What You Should Know About the New Tax Law and Charitable Giving

Much has been said about the Tax Reform Law and its potential impact on charitable giving. Now that it has been signed into law parishes, schools and cemetery boards may find the following information and guidance helpful. The most important thing to remember is that the sky is not falling as it relates to donations, especially to religious organizations and this new law.


What Has Changed/Not Changed Related to Charitable Giving

    • The charitable deduction for those who itemize is still available and has not changed. In fact it has been enhanced allowing individuals to deduct up to 60% (up from 50%) of their adjusted gross income to charity.


  • The standard deduction (the deduction allowed for individuals on their tax form) has been nearly doubled to $12,000 for individuals and $24,000 for married couples. This change, coupled with restrictions on the maximum allowed for deductions for mortgage interest, property taxes and other state/local taxes will reduce the number of individuals who itemize. In other words, fewer taxpayers will itemize.


  • Those who no longer itemize will receive no tax benefit for cash gifts given to charity.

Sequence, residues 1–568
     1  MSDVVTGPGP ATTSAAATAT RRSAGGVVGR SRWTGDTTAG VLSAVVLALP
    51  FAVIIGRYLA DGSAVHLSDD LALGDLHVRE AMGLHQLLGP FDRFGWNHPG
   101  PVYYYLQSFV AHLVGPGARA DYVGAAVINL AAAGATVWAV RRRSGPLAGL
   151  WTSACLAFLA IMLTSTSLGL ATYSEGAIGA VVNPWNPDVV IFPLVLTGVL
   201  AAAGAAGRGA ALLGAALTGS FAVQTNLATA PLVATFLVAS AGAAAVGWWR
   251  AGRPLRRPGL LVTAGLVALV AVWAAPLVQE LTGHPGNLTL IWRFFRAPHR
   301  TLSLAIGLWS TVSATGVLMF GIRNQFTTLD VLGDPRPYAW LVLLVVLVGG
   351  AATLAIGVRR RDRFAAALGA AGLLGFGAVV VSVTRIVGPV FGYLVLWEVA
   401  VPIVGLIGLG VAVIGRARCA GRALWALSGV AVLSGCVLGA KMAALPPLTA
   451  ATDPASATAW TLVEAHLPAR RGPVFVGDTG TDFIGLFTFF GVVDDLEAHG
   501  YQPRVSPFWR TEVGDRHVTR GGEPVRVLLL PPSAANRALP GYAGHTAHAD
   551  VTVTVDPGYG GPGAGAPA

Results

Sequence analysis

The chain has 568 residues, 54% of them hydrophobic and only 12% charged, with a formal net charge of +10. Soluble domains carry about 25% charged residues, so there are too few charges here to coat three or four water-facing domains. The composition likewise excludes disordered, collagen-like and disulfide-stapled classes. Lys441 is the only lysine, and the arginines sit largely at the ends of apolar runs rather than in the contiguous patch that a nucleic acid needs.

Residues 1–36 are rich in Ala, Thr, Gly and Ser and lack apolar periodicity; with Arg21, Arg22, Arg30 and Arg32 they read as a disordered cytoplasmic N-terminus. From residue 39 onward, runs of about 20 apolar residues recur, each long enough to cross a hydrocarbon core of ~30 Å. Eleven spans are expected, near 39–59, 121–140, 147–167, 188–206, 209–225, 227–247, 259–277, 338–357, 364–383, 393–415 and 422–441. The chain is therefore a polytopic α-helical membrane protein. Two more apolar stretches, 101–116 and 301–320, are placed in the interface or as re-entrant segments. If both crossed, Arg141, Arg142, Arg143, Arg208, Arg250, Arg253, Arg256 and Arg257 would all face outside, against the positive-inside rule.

• The tax cut means more individuals have, at least until these cuts are phased out over the next ten years, more discretionary income.
  • Gifts that receive a tax credit (such as the STO), appreciated stock gifts, gifts of property, grain gifts, and IRA gifts are STILL very lucrative gifts for individuals to consider. Nothing has changed in any of these areas.
  • As of now, none of these changes have been incorporated into Iowa law.


Best Practices as a Result


  • Mission, Mission, Mission. Study after study as to why men and women give (especially women) clearly indicates that tax deductions are not high on the list. People give to a cause, to the mission of the organization. For parishes and Catholic Schools that actively promote gifts, this is golden. The message of Christ was, is and will be forever the expectation that we help those in need by, among other things, being good stewards of the many gifts to which we have been entrusted. We shouldn’t be subtle about keeping this concept in the forefront of our parishioners.
  • Thank you notes, letters and conversations are even more important. A personal handwritten note is still the best way to show appreciation for gifts, volunteer efforts, etc.
  • We are still required to properly acknowledge all gifts with the required IRS disclaimers. Not that any parish does this, but do not emphasize tax aspects of regular cash donations.
  • It’s a cliché, but being financially transparent is even more important. It would be good practice to review how periodic financial information is presented in the bulletin.  An explicit end of the year financial report will be important to enhance trust with parishioners. In both instances the easier it is to understand the better.
  • Finally, time will tell how the new tax law will impact parishes. But in the short term there is an opportunity to:
  • recommit to what we do and why we do it,
  • encourage donors to be generous to support our mission,
  • help the poor and the marginalized, and
  • be good stewards.